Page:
When you look at today's situation from a historical perspective, you can easily see that it is not that different from what happened at the end of the nineteen seventies and early eighties. The historical data from the Standard and Poor's 500 Index give us good reasons to remain optimistic about stocks in the mid- and long-term. The historical market data show the likelihood of a short-lived 10% correction, but as a long-term investor, I am willing to take the risk of a bumpy ride in the next years.

In this context, these are some of my current ideas for my own share portfolio, with a strong preference for companies that pay regular dividends and that do not carry unsustainable debts in their balance sheet should interest rates go up to 19%. I also like companies with a well-established international presence, so that their profit and loss account can balance out the impact of inflation in different currencies.

Astra Zeneca AZN

The current price of the American Depositary Receipt of Astra Zeneca is USD 45.44, which gives a price-earnings ratio of 9.5. This major pharmaceutical company is well diversified internationally. Its headquarters are located in London, United Kingdom, and it has an operational presence in 100 countries. Astra Zeneca has a total of 57.000 employees, from which 13.000 are based in the Asia-Pacific region.

The wide international diversification means that, even if the USD lost value vis-a-vis other currencies due to inflation in the US, the currency depreciation would only affect 40% of the revenue of Astra Zeneca. The company's research and development efforts (USD 4 billion annually) are also spread in eight different countries.

Astra Zeneca's Chief Executive Officer, Mr. Pascal Soriot, has released the company's latest quarterly results on 25 October 2012. Analysts estimate the company's earnings for the year 2012 to be between USD 6.00 to USD 6.30 per share, which gives a price-earnings ratio of 7.5 at the current share price. Astra Zeneca's major sales initiative at this time is the promotion of the Amylin diabetes treatment in the United States. The current yield of the shares is above 6%.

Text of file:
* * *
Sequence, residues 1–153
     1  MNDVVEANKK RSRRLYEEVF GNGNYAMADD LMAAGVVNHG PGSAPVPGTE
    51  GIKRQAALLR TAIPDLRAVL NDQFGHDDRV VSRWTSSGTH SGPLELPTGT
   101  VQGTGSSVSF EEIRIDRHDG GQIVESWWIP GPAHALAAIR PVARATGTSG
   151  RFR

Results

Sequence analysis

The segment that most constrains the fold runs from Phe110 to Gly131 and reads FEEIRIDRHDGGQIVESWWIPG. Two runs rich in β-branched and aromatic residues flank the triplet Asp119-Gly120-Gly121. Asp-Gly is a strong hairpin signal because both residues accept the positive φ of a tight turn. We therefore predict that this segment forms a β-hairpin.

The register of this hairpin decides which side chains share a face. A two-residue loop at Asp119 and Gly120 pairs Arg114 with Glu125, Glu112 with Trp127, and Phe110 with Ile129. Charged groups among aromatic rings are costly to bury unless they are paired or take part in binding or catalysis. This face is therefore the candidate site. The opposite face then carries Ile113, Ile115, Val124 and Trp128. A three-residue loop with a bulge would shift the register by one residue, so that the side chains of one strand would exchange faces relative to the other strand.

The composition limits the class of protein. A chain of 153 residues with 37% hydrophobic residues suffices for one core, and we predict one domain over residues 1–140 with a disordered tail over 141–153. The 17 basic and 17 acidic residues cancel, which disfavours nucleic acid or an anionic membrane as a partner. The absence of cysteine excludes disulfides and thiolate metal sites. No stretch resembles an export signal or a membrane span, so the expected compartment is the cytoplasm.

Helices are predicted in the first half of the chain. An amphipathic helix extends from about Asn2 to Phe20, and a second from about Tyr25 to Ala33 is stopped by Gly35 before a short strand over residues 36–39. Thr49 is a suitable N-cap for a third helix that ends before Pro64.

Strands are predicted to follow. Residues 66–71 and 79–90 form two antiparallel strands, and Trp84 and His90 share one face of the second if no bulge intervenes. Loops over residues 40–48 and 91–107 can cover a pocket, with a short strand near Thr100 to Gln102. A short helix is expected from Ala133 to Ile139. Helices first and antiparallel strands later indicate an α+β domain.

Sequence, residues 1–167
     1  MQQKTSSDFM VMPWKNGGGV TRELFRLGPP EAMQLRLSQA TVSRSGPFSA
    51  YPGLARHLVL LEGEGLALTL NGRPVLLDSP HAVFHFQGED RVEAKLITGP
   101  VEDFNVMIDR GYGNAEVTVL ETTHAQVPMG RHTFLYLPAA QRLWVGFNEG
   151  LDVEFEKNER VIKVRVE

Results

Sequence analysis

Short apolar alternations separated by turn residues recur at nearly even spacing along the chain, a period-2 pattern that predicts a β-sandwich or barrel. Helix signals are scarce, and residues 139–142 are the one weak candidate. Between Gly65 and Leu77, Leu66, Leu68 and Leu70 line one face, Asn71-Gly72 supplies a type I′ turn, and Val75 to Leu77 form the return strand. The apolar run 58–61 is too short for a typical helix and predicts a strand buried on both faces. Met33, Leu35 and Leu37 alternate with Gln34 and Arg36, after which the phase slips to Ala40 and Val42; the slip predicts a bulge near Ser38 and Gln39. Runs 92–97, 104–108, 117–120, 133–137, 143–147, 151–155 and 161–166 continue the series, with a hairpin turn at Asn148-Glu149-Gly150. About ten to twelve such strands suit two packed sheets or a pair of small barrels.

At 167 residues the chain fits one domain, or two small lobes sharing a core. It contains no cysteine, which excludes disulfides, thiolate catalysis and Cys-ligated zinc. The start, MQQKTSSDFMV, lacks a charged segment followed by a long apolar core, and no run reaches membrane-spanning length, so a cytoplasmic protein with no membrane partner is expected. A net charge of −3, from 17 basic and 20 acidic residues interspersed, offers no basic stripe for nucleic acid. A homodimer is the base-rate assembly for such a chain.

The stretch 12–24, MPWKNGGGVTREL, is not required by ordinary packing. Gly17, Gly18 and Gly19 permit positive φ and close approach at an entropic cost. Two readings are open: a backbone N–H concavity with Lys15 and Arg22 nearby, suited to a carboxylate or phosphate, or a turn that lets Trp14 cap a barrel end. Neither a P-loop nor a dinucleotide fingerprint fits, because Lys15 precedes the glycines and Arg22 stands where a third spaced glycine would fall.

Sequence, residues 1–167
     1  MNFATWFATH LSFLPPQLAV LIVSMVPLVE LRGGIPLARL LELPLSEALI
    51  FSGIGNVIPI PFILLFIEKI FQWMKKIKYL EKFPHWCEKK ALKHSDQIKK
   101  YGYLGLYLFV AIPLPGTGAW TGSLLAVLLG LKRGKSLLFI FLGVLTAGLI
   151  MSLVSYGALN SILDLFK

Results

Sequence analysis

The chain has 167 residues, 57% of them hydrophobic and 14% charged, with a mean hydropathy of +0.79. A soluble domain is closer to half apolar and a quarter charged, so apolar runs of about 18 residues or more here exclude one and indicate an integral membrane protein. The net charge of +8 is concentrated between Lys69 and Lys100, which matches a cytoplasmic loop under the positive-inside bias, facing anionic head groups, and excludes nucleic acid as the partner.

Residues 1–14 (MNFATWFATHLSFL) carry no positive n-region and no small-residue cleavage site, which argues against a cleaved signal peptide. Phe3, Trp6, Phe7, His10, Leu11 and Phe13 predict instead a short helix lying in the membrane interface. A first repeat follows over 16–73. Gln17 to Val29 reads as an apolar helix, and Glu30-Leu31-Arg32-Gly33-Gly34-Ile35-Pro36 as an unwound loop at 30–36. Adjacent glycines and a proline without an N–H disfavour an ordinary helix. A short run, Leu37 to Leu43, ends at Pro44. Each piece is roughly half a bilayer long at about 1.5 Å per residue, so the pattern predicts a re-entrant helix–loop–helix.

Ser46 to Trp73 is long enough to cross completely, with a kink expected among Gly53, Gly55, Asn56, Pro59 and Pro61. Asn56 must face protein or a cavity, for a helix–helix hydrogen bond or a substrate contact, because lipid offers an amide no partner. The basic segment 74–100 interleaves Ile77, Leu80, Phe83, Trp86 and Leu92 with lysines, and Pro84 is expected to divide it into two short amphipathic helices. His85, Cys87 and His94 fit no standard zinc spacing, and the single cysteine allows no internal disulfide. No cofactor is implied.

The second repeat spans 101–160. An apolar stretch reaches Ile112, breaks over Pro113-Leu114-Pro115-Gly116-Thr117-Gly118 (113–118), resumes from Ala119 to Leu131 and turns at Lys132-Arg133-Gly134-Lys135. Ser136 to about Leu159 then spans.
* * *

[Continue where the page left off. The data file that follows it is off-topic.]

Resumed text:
Wells Fargo WFC

The current price of the Wells Fargo shares is USD 32.35. As the fiscal cliff approaches in the United States, some investors may panic and dump indiscriminately all their bank stocks. This would be a great time to buy shares of Wells Fargo, which are currently yielding 2.6%. Wells Fargo data from the third quarter of 2012 show the company's net income rising to USD 4.9 billion, which represents a rise of 22% compared with the third quarter of the year 2011.

The earnings per share of Wells Fargo have been growing consistently during the last 11 quarters, climbing from USD 0.82 in the second quarter of 2012 to USD 0.88 in the third quarter. As a result, analysts are expecting Wells Fargo to end the year 2012 with earnings per share around USD 3.30. At the current share price, this gives a price-earnings ratio just under 10.

Ericsson ERIC

Ericsson is a Swedish electronics company with a strong international presence. It has more than 100.000 employees and operates in 180 countries. The company's American Depositary Shares are currently priced at USD 8.79, and this gives a price-earnings ratio of 15. Ericsson employs 22.000 people in its research and development activities, and owns 30.000 patents.